More or less. Here are the graphs. The implications?
…consider the hypothesis that US real wages are being held
back by competition from low-wage countries such as China. This is a
plausible story – we’d expect wages to converge eventually – but it
doesn’t square with the Canadian experience. If anything, we’d expect
the effect to be even stronger in Canada, what with the 40%
appreciation of the CAD against the yuan since 2002.
The pointer is from New Economist blog. And no, the difference is not there because the Canadians are caring people or because they did not elect that nasty Mr. Bush. Mexican immigrants won’t explain stagnant wages along the middle end of the distribution. One commentator has an intriguing suggestion:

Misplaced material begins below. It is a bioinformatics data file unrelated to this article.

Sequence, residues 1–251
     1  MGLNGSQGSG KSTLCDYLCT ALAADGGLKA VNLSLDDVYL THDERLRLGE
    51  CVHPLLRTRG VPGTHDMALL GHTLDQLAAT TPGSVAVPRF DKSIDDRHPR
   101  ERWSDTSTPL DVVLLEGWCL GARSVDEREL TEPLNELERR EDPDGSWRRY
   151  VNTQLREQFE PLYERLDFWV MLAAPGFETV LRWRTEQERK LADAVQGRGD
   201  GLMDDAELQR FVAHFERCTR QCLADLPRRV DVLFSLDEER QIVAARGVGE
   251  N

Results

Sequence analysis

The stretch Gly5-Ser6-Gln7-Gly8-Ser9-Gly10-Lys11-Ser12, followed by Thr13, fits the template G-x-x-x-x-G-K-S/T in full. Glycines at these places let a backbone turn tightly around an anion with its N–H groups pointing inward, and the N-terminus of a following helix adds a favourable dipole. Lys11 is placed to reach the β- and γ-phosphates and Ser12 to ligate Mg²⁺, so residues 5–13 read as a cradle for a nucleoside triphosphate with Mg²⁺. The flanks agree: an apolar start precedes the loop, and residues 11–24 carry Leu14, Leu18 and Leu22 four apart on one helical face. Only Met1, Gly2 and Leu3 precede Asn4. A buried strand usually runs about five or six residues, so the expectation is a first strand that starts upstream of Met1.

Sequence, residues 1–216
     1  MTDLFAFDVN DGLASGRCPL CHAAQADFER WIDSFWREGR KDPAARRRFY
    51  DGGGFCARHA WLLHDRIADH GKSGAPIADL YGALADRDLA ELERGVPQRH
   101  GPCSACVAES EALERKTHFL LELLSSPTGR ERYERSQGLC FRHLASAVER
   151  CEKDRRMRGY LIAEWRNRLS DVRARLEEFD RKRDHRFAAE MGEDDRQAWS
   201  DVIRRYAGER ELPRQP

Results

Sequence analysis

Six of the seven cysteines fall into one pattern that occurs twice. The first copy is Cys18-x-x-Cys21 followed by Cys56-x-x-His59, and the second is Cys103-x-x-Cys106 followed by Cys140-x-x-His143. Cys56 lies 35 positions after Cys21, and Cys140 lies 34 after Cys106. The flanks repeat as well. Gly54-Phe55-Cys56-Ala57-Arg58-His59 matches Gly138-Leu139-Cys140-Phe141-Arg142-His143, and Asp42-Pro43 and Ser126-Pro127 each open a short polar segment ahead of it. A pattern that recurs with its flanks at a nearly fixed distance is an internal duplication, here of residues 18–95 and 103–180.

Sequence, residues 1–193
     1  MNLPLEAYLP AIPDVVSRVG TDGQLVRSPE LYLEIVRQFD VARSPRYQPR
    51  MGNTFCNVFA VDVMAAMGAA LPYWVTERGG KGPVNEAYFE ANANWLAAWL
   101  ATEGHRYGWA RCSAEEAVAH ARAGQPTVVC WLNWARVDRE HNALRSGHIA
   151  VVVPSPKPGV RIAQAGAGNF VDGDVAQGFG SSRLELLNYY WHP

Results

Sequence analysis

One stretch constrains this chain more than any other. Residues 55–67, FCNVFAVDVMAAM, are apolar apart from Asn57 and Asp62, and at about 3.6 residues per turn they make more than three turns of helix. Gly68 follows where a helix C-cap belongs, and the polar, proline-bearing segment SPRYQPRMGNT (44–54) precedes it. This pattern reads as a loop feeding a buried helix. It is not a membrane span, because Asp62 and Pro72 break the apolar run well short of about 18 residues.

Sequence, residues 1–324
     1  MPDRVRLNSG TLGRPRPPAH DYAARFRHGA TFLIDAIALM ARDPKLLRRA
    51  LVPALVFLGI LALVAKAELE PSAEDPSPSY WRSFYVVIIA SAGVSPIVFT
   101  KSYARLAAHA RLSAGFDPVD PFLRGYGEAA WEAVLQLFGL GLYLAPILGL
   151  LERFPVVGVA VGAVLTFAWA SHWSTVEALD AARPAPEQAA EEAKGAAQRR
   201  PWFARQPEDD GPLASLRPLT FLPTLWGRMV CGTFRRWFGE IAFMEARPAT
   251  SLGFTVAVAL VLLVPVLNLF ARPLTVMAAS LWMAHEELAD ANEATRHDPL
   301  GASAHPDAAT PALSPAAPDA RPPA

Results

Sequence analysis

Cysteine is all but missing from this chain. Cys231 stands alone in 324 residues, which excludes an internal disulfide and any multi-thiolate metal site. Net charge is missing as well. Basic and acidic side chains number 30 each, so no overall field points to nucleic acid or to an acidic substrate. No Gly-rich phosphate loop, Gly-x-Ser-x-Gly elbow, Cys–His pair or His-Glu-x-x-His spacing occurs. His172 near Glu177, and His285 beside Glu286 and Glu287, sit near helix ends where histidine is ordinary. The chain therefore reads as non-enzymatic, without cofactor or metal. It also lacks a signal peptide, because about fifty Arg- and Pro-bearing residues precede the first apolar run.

Positive net employment change in Canada is most concentrated in the
high-paying energy sector in Alberta. A great proportion of the jobs
being created demand high-skilled workers. I wonder how much of the discrepancy in median incomes between Canada
and the US can be explained by the increase in job creation in Canada’s
energy sector relative to the type of job creation occurring in the US.
Entry-level workers in BC and Alberta are getting paid big bucks.
Might the United States have experienced sectoral shifts which are unfavorable for median wages but favorable for wages at the upper ends of the distribution? Another factor is that rising health care costs in the U.S. are absorbed into benefit costs but in Canada these costs are socialized to greater degree. In any case economists have yet to get to the bottom of this mystery…